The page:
How insurance covers you if you're below the 80% threshold
|Dwelling limits||$120,000 (only 75% of the threshold)|
|Fire damage cost||$50,000|
|Insurer reimbursement||$37,500 (only 75% of fire damage costs, minus your deductible)|
If homeowners don't want to pick policy limits as high as the replacement value of their home, they should still make sure limits are at least 80% of the replacement value.
How to calculate the replacement cost of your home
There are a variety of ways to calculate how much it costs to rebuild a house, and obtaining more accurate estimates will require greater effort by you, the homeowner. But considering the need to appropriately value a house for insurance purposes, every home insurance shopper should use at least one of these resources to obtain an accurate home insurance replacement cost.
Methods to calculate replacement cost
- Obtaining an insurer appraisal
- Obtaining an estimate from an online replacement cost calculator
- Hiring a professional appraiser
- Doing the math yourself
Given the importance of an accurate RCV in setting your home insurance limits, we recommend not relying solely on insurer estimates of your home's replacement value. Incorporating an alternate approach and obtaining a third-party — or your own — estimate of your home's value will increase your confidence that you've selected the correct dwelling coverage limits.
Obtaining an insurer appraisal
An insurer often uses its own proprietary technology — or third-party technology — to estimate the replacement cost of homes it insures. For example, if you get a homeowners insurance quote from State Farm, it will use a replacement cost estimator for home insurance calculated by 360Value, a tool created by Verisk Analytics.
This method is probably the easiest way to estimate the replacement cost of your home, but it won't be as reliable as an in-person appraisal. These analytical tools calculate your replacement cost based on inputs entered by you and by construction costs sourced by the creator of the tool. If you do plan to rely on an insurer estimate, be sure to compare estimates from multiple insurers before committing to an RCV.
Obtaining an estimate from an online replacement cost calculator
Several independent companies offer replacement cost estimates online, but any one estimate shouldn't be trusted any more than an insurance company appraisal.
These replacement cost estimators are available for free or for a one-time price or subscription fee. Examples of websites offering home replacement value calculators include the Craftsman Building Cost Calculator and BlueHammer Home Report.
Users should know that an independent dwelling cost estimator may not necessarily be more accurate than an insurer's tool, as the calculator will use similar questions and rely on the accuracy of user inputs to make an estimate. And like an insurer calculation, it will rely on data sourced by the creator of the tool that is not guaranteed to be an accurate reflection of construction costs in your location.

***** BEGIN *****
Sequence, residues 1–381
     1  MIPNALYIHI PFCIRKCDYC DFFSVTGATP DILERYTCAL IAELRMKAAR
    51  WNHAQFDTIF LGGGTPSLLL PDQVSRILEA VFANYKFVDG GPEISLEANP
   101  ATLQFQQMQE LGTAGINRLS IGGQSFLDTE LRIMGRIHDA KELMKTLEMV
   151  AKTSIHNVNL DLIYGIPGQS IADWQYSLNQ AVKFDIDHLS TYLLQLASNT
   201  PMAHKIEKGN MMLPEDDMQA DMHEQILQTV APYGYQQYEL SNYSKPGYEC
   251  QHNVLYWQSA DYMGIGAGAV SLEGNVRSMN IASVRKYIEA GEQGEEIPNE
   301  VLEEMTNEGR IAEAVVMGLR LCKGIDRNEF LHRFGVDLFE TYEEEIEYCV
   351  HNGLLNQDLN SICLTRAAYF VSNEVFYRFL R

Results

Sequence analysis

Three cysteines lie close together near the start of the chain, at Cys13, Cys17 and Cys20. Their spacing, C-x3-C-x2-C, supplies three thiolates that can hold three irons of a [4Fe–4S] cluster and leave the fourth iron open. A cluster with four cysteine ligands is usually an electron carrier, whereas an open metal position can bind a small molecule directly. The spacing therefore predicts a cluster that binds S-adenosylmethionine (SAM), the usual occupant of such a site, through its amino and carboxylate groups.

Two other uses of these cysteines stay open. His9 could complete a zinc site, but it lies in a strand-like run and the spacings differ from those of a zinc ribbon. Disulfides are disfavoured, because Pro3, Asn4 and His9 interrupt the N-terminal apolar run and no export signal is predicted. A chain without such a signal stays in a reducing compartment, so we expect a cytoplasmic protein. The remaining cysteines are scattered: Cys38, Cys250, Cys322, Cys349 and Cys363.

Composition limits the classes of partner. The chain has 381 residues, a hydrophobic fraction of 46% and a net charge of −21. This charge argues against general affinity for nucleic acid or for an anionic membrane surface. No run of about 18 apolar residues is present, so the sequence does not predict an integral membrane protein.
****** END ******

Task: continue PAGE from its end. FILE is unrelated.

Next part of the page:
However, it will provide a third-party assessment of your home's replacement value that you can compare to the estimate provided by your insurer, giving you another comparison point for making an informed decision.
Hiring a professional appraiser
The most costly option — but also the one most likely to yield accurate results — is to hire a professional appraiser. A professional appraiser can provide a qualified opinion on the replacement cost of your home and is licensed or certified based on state standards.
A professional appraiser will examine all the factors inputted into a replacement cost calculator but will collect the data through an in-person inspection, adding an extra degree of thoroughness and detail to the process. However, you will pay an added fee in exchange for this increased scrutiny. Professional appraisal prices can vary widely depending on where you live but are generally in the order of several hundred dollars.
Doing the math yourself
The final option — and the most involved in terms of personal time investment — is to estimate the replacement cost yourself. In this instance, you'll be trading your own labor for a free home replacement cost calculation.
However, this method risks an estimate that is far less accurate than those of professionals. Doing the math yourself requires you to estimate the cost per square foot of your home based on local construction costs and to factor in the cost of a variety of other home features such as your roof, flooring, fixtures, siding material and more.
This process may require sourcing pricing from a variety of vendors such as roofing companies, who will have a qualified assessment on what parts of your home will cost.
Calculating replacement cost by yourself is a free and educational exercise, but we would recommend getting some form of formal appraisal too, whether it's through an online calculator or a professional appraiser in person.
What factors affect the replacement cost value of your home?
A variety of factors contribute to your home’s RCV. To generalize, these factors fall under five categorizations: age, square footage, house shape and style, features and finishes and home fixtures. Whether you're using an online replacement cost estimator or figuring it out yourself, you'll have to incorporate all these factors into your replacement cost calculation.
Contribution to replacement cost
|Age||Different time periods have different standards and techniques for home building. The age of your home reflects these standards and can affect your replacement cost in a variety of ways.|
|Square footage||Bigger homes cost more to rebuild, all else equal. The larger your home, the higher its replacement cost is likely to be.|
|House shape and style||More complex house shapes result in higher rebuilding costs. For example, homes with many corners are likely to have a higher replacement cost.|
|Features and finishes||The quality and breadth of home features will affect your replacement cost. For example, high-quality roof and flooring materials will result in higher replacement cost.|
|Home fixtures||The quality of home fixtures — such as cabinets or countertops — can greatly affect replacement cost. The type of heating, cooling and electrical systems installed in your home can also influence the estimated cost of rebuilding your home.|